The second day brought the focus of the presentations to the sea, with emphasis on fresh catches and preparations designed to accentuate seafood’s natural flavor. Chefs prepared plates that highlighted the flavors and textures of different types of seafood, including sea urchins, barnacles and turbot. US-based Chef Jose Andres compared and contrasted different seafood styles in Spain and the United States, praising soft-shell crabs in America and shrimp from Malaga, Spain. He brought live specimens with him from the United States, preparing his lobster in a simple gelatin of its own juices to heighten its mild flavor. Again moving from the simple to the sublime, Andres then showed his more technologically advanced “tears” of olive oils, in which he combines isomalt sugar with olive oil.

Candido Lopez on
Cándido López prepares a traditional Spanish dish, suckling pig.

On the final day of the demonstrations, chefs offered presentations on meat, poultry and game. Second to Ferrán, perhaps the most compelling demonstrations came on this day from the duo of chef Candido Lopez of Mesón de Cándido in Segovia and chef Joan Roca of El Celler de Can Roca. Chef Lopez wowed the crowd with a riveting demonstration of the traditional preparation for Spanish suckling pig. To complete his demo, he used 4 different suckling pigs, each at different stages in the cooking process, as the actual preparation of this dish takes all day long. Taking the first pig, he broke the backbone, flattened it out, and fitted it into a casserole, ready for the oven. The second pig represented the partially cooked meat, which Lopez removed from a combi-oven. He covered the ears, tail and trotters with foil and cooked it again. When he brought out the finished product, he and Chef Roca cut the pigs with a plate in the Spanish tradition (in other words, the meat is so incredibly tender that it cuts with a blunt object).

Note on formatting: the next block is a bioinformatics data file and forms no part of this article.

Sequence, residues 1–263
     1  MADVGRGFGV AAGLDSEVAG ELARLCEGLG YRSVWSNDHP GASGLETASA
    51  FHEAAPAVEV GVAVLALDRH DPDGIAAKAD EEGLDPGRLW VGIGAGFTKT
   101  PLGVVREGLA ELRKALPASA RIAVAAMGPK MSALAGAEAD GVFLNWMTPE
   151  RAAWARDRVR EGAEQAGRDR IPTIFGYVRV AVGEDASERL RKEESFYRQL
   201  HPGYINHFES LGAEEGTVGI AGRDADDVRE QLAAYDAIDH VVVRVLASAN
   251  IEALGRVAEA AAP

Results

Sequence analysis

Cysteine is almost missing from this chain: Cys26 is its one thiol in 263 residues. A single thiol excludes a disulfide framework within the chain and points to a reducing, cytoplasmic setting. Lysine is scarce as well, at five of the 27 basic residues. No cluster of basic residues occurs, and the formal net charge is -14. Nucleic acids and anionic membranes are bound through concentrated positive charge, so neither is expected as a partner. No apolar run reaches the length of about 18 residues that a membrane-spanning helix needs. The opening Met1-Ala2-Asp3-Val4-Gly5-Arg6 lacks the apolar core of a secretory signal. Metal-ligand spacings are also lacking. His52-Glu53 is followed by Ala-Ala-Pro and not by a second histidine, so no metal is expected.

Chef Lopez’s demo was superbly contrasted by Joan Roca's preparation of the same suckling pig using sous vide technology; Joan Roca had been to Candido's restaurant and wanted to replicate the flavor of traditional suckling pig. He spoke about the problem of many smaller restaurants not being able to consistently sell an entire pig if it’s not their specialty. Roca's solution was to prepare sections of the pig in individual vacuum-packed portions and cook them to order. Because Joan Roca didn't roast the pig in its entirety, he was able to prepare the trotters separately as a delicacy on request.

Candido Lopez and Joan Roca cutting suckling pig on
Cándido López and Joan Roca cut the suckling pig with plates to show how tender the meat is.

BCN Vanguardia at Alimentaria, which was a smaller chef event than its rivals Madrid Fusion and Lo Mejor de la Gastronomia, bills itself as a gastronomy congress where the best chefs of the moment come together to share the “theory and practice of the latest gastronomy trends.” Although most preparations were far from simple, the purity of the product was the clear emphasis during the majority of the demonstrations. After a week of demonstrations, we were left wondering, has Spain’s passion for culinary innovation been moved to the backburner? Not necessarily so. Monne commented that “even if Spain is leading a Revolution, techniques and experimental process must always be in service to creativity in order to respect the quality of product.”

The Revolution that has been raging in Spain, largely led by Ferrán, has clearly positively impacted gastronomy around the world, and has especially inspired what chefs in America are doing now. But what may have gotten lost in the process of assimilating Ferrán’s concepts (surely as much to Ferrán's dismay anyone else's) is the critical humility and respect for ingredients that every chef must have. Alimentaria clearly drove the point home.

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   Published: March 10 2006